Most tellingly, ASEAN proved inadequate during the East Timor crisis of 1999, where ASEAN members were not even able to agree on what stance or action to take. While Thailand, the Philippines, Malaysia and Singapore joined the Australia-led International Force for East Timor (INTERFET), Cambodia, Vietnam, Laos and Myanmar stayed away from the issue entirely.27 This clearly illustrated the limitations and challenges inherent in the principles of non-interference and informal dispute settlement. Nevertheless, ASEAN did manage to ameliorate some tensions in the region, such as the territorial disputes in the South China Sea. The disputes involve a number of Southeast Asian states (Malaysia, the Philippines, Brunei and Vietnam), along with China, which has claimed the entire region as its sovereign territory.28 In order to restrain Chinese moves into the region, the ASEAN countries banded together and succeeded in establishing the non-binding Declaration on the Conduct of Parties in South China Sea, which was adopted in 2002.29 Thus far the agreement appears to have kept all parties involved from resorting to the use of force and has also nudged China away from its preference to deal bilaterally with each disputing state to a multilateral setting. However, even as academics and observers started to predict the organisations death, ASEAN began to reinvent itself and lead the Asia-Pacific regionalism. It accomplished this by spearheading two Asia-Pacific regional organisations the Asia Pacific Economic Cooperation (APEC) and the ASEAN Regional Forum (ARF). Proposed by then Australian Prime Minister Bob Hawke in 1989, the APEC eventually became a way for ASEAN economies to position themselves at the core of a larger regional project. At this time, however, several external developments created the incentive for the ASEAN economies to join a larger economic forum. First, the future of the world trading system seemed uncertain as the Uruguay Round faltered, which in turned fuelled fears that the Southeast Asian economies may face discrimination from trading blocs in Europe and North America.30 APEC thus became a way to provide major economies like Japan and the US an incentive to strengthen their ties with ASEAN.31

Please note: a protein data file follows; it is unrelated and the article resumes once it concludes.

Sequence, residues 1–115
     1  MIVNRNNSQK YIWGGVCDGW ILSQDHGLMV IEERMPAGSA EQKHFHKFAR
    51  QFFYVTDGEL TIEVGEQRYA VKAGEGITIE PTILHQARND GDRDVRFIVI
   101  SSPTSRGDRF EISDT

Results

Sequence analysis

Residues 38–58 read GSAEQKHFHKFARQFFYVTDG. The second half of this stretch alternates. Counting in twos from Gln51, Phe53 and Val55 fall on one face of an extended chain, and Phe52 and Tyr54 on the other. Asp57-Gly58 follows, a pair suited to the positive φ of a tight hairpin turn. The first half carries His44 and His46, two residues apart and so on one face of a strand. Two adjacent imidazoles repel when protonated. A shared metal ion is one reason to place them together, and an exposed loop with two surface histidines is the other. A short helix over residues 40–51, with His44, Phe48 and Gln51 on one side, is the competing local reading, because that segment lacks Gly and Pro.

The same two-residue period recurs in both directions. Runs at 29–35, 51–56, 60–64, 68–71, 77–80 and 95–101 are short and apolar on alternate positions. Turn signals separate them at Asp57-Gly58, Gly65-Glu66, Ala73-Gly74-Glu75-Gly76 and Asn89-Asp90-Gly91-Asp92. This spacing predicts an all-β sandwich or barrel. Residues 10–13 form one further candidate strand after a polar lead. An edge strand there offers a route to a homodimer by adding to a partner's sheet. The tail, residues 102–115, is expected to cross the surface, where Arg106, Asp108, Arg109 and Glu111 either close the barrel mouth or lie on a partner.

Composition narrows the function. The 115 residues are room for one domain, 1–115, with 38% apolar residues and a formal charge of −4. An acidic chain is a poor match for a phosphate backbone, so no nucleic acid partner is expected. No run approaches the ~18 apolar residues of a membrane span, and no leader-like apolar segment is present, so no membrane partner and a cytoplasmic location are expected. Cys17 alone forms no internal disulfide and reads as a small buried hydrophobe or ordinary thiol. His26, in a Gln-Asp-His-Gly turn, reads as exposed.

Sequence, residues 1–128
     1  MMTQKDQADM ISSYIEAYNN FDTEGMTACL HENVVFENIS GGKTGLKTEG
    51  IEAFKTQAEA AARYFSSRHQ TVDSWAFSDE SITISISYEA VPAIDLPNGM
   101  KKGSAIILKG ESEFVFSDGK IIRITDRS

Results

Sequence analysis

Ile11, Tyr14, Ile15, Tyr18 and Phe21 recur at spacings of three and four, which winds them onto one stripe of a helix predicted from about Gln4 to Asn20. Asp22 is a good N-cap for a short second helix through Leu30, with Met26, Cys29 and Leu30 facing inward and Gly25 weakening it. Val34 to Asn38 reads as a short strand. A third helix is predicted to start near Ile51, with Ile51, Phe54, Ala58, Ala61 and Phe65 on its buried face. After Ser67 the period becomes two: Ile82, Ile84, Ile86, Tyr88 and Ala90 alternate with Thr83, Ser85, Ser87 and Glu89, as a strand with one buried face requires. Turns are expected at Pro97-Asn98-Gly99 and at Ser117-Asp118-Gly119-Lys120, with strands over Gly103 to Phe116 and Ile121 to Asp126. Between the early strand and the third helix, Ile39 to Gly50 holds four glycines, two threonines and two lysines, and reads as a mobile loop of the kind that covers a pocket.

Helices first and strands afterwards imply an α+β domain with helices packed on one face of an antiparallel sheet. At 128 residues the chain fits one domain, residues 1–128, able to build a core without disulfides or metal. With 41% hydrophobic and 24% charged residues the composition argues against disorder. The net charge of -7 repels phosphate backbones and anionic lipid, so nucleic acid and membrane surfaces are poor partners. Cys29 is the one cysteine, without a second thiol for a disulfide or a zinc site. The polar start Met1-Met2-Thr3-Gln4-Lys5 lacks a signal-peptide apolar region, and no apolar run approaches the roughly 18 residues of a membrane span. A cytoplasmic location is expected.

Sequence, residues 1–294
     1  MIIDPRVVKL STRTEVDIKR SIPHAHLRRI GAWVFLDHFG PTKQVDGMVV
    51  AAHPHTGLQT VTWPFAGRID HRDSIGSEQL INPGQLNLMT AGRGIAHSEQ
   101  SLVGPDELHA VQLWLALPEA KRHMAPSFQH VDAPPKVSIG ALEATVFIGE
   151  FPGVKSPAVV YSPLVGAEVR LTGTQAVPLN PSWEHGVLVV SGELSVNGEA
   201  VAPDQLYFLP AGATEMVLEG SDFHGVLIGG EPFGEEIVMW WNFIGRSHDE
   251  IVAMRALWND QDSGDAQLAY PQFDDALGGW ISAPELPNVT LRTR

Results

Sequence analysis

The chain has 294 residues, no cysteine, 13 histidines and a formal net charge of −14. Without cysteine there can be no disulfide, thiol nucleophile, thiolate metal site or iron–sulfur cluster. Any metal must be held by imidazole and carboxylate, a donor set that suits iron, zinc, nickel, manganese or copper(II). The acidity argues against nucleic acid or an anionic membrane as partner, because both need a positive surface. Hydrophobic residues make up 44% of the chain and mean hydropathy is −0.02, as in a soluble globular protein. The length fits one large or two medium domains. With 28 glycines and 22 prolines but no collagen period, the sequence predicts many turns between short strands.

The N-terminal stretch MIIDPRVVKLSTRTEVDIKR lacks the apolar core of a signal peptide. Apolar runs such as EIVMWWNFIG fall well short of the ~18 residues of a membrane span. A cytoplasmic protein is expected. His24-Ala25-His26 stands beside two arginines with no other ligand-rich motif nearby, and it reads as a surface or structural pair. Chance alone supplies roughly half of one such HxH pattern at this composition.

illustrates the organisations continued struggle with the regional issue. Nopporn Wong-Anan, Q+A Why has Southeast Asias haze returned?, Reuters (22 October 2010), http://in.reuters.com/article/idINIndia52379020101022. Accessed on 23 February 2011. 27 Donald E. Weatherbee, International Relations in Southeast Asia: The Struggle for Autonomy, 2nd ed. (Lanham: Rowman & Littlefield Publishers, 2009), pp.258-60; UN approves Timor Force, BBC News (15 September 1999), http://news.bbc.co.uk/2/hi/asia-pacific/447639.stm. Accessed on 23 February 2011; Sonny Inbaraj, ASEANs commitment to East Timor faces tough test, Asia Times Online (1 February 2000), www.atimes.com/se-asia/BB01Ae01.html. Accessed on 23 February 2011. 28 S.P. Seth, ASEAN and Regional Security, Economic and Political Weekly, Vol.34, No.33 (14-20 August 1999), p.2304. 29 Declaration on the Conduct of Parties in the South China Sea, ASEAN (4 November 2002), www.aseansec.org/13163.htm. Accessed on 23 February 2011. 30 Amitav Acharya, Ideas, Identity and Institution-building: The Asia-Pacific Way, The Pacific Review, Vol.10, No.3 (1997), p.323. 31 Ibid., p.324.